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United States House of Representatives elections in Kentucky, 2008

The 2008 congressional elections in Kentucky were held on November 4, 2008 to determine who would represent the state of Kentucky in the United States House of Representatives. Kentucky has six seats in the House, apportioned according to the 2000 United States Census. Representatives are elected for two-year terms; those elected will serve in the 111th Congress from January 4, 2009 until January 3, 2011. The election coincides with the 2008 U.S. presidential election.

The deadline to file to run in the election was January 29, 2008. The primary for both parties took place on May 20, 2008. The current delegation consists of 2 Democrats and 4 Republicans.

All incumbents ran for and won reelection.


  • Overview 1
  • Match-up summary 2
  • District breakdown 3
    • District 1 3.1
    • District 2 3.2
      • Opinion polls 3.2.1
    • District 3 3.3
      • Background and primary 3.3.1
      • General election 3.3.2
      • Opinion polls 3.3.3
    • District 4 3.4
    • District 5 3.5
    • District 6 3.6
  • See also 4
  • References 5
  • External links 6


United States House of Representatives elections in Kentucky, 2008[1]
Party Votes Percentage Seats Before Seats After +/–
Republican 955,182 54.59% 4 4 ±0
Democratic 761,209 43.50% 2 2 ±0
Independent 33,449 1.91% 0 0 0
Valid votes - -%
Invalid or blank votes - -%
Totals 1,749,840 100.00% 6 6
Voter turnout 60.133%

Match-up summary

District Incumbent 2008 Status Democratic Republican Other Party
1 Ed Whitfield Re-election Heather A. Ryan Ed Whitfield
2 Ron Lewis Open David Boswell Brett Guthrie
3 John Yarmuth Re-election John Yarmuth Anne Northrup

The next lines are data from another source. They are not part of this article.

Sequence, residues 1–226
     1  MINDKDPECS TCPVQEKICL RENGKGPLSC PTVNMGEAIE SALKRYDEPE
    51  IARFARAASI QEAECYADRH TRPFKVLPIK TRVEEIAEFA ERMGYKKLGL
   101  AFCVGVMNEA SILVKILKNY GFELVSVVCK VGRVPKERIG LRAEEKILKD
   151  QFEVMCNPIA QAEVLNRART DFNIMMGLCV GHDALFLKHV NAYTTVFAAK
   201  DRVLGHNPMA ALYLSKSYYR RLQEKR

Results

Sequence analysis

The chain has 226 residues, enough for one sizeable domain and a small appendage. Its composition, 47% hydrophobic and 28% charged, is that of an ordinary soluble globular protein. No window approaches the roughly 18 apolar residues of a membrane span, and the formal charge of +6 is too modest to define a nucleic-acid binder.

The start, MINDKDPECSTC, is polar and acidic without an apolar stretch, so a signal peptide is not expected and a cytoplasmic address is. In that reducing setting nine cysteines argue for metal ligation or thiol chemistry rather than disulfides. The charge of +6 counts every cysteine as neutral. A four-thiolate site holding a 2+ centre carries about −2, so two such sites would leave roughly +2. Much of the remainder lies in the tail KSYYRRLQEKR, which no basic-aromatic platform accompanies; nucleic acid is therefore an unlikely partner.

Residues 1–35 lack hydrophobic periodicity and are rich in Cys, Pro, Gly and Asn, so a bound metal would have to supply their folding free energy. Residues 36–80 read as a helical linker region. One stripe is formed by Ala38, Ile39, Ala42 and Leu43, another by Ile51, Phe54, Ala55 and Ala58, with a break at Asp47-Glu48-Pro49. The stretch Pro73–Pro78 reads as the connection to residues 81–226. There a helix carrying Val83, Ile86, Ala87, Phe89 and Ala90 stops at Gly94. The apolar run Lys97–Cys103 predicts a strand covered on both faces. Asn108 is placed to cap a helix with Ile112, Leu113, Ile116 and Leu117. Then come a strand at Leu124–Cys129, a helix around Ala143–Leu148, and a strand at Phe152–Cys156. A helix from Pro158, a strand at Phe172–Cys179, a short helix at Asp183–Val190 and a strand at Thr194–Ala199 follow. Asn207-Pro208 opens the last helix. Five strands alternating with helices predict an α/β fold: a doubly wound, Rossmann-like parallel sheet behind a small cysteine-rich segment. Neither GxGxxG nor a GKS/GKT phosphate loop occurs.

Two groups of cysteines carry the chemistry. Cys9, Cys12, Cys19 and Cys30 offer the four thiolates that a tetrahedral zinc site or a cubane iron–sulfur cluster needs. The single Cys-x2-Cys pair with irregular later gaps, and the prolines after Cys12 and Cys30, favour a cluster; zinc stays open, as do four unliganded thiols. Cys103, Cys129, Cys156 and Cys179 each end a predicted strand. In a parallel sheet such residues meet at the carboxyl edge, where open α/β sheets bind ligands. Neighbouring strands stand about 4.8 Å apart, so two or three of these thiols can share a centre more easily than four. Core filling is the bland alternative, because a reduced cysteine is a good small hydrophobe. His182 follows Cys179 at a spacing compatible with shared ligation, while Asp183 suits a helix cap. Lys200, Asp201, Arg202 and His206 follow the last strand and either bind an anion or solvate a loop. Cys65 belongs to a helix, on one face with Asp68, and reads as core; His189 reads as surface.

4 Geoff Davis Re-election Michael Kelley Geoff Davis
5 Hal Rogers Re-election Hal Rogers Jim Holbert
6 Ben Chandler Re-election Ben Chandler Jon Larson

District breakdown

District 1

This district is in Western Kentucky. The seat has been held by Republican Ed Whitfield since 1995. Heather A. Ryan of Paducah, a self-described Democratic activist, has no primary opposition and will face Whitfield in the general election.[2] CQ Politics forecasts the race as 'Safe Republican'.

Ryan, a Navy veteran and former movie theater manager, launched into the news in January 2008. On January 15, she protested a visit by Mitch McConnell to the non-profit theater where she worked. The theater was raising funds for an expansion and some would potentially come from McConnell. Three days later, the theater's board of directors told her to stay quiet about politics while running the theater. After questioning the request, she was fired.[3]

Whitfield declined to debate Ryan before the election.[4] Whitfield won the election with 64% of the vote.[5]

District 2

This district is in Western-central Kentucky. Republican State Senator Brett Guthrie won against Democratic State Senator David Boswell. CQ Politics forecasted the race as 'Leans Republican'.

In a surprise decision on the filing deadline, Republican incumbent Ron Lewis, who had held the seat since 1994, announced he would not run for re-election in 2008.[6] It was believed that he intended to be succeeded by his Chief of Staff, Daniel London. However, State Senator Brett Guthrie learned of Lewis' retirement just before the deadline, and filed himself. After Guthrie won some key endorsements, London withdrew from the race.[7] leaving Guthrie unopposed for the Republican nomination. State Senator David Boswell defeated Daviess County judge executive Reid Hare to win the Democratic nomination.[6][8]

Guthrie won the election with 53% of the vote.[9]

  • Race ranking and details from CQ Politics
  • Campaign contributions from
  • Guthrie (R) vs Boswell (D-i) graph of collected poll results from

Opinion polls

Source Date Democrat: David Boswell Republican: Brett Guthrie
Survey USA October 27–28, 2008 43% 53%
Survey USA October 21–22, 2008 42% 51%
Survey USA October 15–16, 2008 42% 51%
Survey USA September 24–25, 2008 43% 49%
Garin-Hart-Yang August 23–25, 2008 41% 33%
Survey USA June 27–29, 2008 47% 44%

District 3

Democratic incumbent John Yarmuth won against Republican nominee Anne Northup, who had held the seat previously. CQ Politics forecasted the race as 'Leans Democratic'.

Background and primary

This district consists of Louisville and most of its Jefferson County suburbs. The seat had been held by Northup from 1996 through 2006, when she was defeated by Yarmuth in a year in which Democrats regained control of the house, partially due to the unpopularity of the war in Iraq.